The classification for evaluation of 6 case situations by breast cancer screening programmes is detailed in Table III, along with the ‘standard’ suggested by an expert. Although each case satisfied the broad definition of IC proposed in the EG and was agreed upon by most programmes, a substantial heterogeneity existed in the actual classification of these situations. In particular, whether IC should include breast cancers subsequently diagnosed in screen-positive women who had no further assessment (case B) or detected at early recall through the follow-up of a suspicious lesion unrelated to the cancer diagnosed (case E) were not uniformly handled across programmes.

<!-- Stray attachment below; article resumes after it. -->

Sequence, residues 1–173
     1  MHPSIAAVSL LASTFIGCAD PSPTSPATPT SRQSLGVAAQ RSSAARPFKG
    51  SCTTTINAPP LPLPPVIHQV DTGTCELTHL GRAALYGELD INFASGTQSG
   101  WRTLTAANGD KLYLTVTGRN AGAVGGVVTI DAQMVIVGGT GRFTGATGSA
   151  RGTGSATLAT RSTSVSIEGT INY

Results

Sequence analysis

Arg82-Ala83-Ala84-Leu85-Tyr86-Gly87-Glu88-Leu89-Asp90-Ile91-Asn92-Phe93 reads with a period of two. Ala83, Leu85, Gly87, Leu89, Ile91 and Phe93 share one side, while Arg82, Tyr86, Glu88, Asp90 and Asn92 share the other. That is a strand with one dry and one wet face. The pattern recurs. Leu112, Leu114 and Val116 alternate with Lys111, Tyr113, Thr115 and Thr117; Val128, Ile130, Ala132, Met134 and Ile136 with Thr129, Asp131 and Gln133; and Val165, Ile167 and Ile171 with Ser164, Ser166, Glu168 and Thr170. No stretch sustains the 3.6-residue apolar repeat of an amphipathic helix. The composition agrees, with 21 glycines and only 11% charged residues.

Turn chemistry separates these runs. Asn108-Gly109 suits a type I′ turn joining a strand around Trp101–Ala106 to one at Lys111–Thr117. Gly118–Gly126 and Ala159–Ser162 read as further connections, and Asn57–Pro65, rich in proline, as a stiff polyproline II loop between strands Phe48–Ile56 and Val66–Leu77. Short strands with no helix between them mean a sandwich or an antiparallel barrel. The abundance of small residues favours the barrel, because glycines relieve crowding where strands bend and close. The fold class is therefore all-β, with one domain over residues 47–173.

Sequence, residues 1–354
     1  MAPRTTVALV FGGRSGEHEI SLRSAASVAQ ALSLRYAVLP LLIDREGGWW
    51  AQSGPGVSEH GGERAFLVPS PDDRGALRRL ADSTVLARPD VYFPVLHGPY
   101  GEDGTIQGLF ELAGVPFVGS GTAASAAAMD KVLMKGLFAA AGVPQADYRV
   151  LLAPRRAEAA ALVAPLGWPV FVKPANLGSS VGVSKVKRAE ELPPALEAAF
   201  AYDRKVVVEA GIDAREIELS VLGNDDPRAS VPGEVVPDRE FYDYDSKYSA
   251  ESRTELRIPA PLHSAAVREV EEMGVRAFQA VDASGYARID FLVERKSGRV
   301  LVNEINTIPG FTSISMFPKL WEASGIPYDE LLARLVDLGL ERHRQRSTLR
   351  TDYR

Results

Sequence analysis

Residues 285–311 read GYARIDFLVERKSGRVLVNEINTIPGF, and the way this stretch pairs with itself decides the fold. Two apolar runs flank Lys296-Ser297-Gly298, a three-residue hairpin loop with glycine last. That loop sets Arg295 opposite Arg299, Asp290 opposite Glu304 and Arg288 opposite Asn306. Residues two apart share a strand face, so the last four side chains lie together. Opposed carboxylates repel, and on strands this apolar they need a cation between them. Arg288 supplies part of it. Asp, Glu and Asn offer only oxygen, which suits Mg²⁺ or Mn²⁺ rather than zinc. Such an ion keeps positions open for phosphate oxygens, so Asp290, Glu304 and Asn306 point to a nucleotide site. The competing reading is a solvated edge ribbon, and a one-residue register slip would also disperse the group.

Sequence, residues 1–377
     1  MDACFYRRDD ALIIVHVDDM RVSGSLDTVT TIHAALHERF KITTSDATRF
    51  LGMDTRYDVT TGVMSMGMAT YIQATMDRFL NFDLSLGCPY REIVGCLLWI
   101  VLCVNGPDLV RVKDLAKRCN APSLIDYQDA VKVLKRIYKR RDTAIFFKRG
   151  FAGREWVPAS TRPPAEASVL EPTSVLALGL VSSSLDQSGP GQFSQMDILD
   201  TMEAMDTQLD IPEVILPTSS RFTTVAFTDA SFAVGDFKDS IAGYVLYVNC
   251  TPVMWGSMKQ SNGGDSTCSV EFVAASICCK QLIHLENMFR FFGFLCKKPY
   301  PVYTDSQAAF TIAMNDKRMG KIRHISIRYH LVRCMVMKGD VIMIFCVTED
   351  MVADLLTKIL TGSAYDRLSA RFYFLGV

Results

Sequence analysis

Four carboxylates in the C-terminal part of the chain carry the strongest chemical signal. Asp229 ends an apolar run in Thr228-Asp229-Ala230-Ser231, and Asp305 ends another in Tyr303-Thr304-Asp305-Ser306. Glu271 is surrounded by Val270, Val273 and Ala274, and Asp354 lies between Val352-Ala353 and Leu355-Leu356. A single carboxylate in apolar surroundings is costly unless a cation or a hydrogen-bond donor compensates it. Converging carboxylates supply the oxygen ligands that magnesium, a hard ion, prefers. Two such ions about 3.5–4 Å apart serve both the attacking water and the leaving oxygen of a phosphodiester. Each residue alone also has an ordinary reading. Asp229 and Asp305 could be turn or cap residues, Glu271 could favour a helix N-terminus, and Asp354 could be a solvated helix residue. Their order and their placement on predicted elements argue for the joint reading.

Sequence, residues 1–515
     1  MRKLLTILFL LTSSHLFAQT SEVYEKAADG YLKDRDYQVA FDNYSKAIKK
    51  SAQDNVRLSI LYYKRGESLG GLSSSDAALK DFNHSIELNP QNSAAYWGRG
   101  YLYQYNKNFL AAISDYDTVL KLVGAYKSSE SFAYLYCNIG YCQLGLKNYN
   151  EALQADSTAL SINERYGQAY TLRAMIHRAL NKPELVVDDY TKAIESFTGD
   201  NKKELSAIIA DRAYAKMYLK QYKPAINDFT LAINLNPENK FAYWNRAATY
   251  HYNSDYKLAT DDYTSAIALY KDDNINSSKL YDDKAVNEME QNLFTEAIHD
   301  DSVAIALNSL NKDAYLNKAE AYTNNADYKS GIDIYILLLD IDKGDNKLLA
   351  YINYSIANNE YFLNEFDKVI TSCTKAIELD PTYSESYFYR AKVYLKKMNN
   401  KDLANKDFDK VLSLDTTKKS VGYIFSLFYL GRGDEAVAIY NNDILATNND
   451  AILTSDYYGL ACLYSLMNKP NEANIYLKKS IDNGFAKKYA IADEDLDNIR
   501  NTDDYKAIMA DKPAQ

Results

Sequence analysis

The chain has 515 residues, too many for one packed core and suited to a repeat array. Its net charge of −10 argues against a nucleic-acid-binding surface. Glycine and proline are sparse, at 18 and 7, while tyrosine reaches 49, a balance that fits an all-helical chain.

|How would you classify these cases for your programme evaluation?||IC||SD||Other||Expert opinion|
|Screen-positive, assessment negative; several months later breast cancer diagnosed in same breast and at same location||14||4||0||IC following negative assessment|
|Screen-positive, assessment not done (woman does not show up); several months later breast cancer diagnosed in same breast and at same location||3||10||5||Delayed SD cancer|
|Screen-detected DCIS; during screening interval invasive breast cancer in contralateral breast2||13||1||4||Without info on laterality: Second primary cancer; with info on laterality: IC (post-DCIS)|
|Screen-positive with early recall (follow-up); at early recall breast cancer diagnosed in same breast and at same location||4||13||1||Delayed SD cancer|
|Screen-positive with early recall (follow-up); at early recall breast cancer diagnosed in contralateral breast2||9||8||1||Without info on laterality: Delayed SD cancer; with info on laterality: IC|
|Screen-negative; during screening interval DCIS diagnosed (no symptom)3||13||–||3||IC|